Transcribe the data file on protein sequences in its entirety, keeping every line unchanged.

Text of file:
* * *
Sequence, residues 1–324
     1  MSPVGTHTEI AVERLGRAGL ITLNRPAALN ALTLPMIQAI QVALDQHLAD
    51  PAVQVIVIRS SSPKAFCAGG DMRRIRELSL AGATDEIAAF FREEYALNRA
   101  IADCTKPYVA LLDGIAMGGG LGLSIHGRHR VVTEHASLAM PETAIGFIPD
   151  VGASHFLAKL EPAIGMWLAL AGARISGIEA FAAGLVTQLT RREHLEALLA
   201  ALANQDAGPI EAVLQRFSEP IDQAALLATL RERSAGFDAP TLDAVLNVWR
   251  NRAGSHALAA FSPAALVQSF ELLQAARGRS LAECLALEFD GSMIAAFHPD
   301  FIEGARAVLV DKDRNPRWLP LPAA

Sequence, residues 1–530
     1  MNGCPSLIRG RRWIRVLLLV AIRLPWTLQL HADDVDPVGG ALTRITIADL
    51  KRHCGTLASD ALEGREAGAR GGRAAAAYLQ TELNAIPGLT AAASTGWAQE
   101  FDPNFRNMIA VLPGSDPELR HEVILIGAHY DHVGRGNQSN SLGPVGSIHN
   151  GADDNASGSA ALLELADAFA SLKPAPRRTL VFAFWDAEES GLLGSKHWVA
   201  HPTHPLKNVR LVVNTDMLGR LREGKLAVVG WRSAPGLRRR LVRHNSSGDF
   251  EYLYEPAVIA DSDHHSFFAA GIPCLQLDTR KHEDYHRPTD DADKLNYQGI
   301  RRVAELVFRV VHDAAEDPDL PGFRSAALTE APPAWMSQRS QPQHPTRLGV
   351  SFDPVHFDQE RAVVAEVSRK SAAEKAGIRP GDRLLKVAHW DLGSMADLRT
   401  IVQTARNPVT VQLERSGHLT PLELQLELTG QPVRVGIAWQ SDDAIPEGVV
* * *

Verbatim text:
Sequence, residues 1–324
     1  MSPVGTHTEI AVERLGRAGL ITLNRPAALN ALTLPMIQAI QVALDQHLAD
    51  PAVQVIVIRS SSPKAFCAGG DMRRIRELSL AGATDEIAAF FREEYALNRA
   101  IADCTKPYVA LLDGIAMGGG LGLSIHGRHR VVTEHASLAM PETAIGFIPD
   151  VGASHFLAKL EPAIGMWLAL AGARISGIEA FAAGLVTQLT RREHLEALLA
   201  ALANQDAGPI EAVLQRFSEP IDQAALLATL RERSAGFDAP TLDAVLNVWR
   251  NRAGSHALAA FSPAALVQSF ELLQAARGRS LAECLALEFD GSMIAAFHPD
   301  FIEGARAVLV DKDRNPRWLP LPAA

Sequence, residues 1–530
     1  MNGCPSLIRG RRWIRVLLLV AIRLPWTLQL HADDVDPVGG ALTRITIADL
    51  KRHCGTLASD ALEGREAGAR GGRAAAAYLQ TELNAIPGLT AAASTGWAQE
   101  FDPNFRNMIA VLPGSDPELR HEVILIGAHY DHVGRGNQSN SLGPVGSIHN
   151  GADDNASGSA ALLELADAFA SLKPAPRRTL VFAFWDAEES GLLGSKHWVA
   201  HPTHPLKNVR LVVNTDMLGR LREGKLAVVG WRSAPGLRRR LVRHNSSGDF
   251  EYLYEPAVIA DSDHHSFFAA GIPCLQLDTR KHEDYHRPTD DADKLNYQGI
   301  RRVAELVFRV VHDAAEDPDL PGFRSAALTE APPAWMSQRS QPQHPTRLGV
   351  SFDPVHFDQE RAVVAEVSRK SAAEKAGIRP GDRLLKVAHW DLGSMADLRT
   401  IVQTARNPVT VQLERSGHLT PLELQLELTG QPVRVGIAWQ SDDAIPEGVV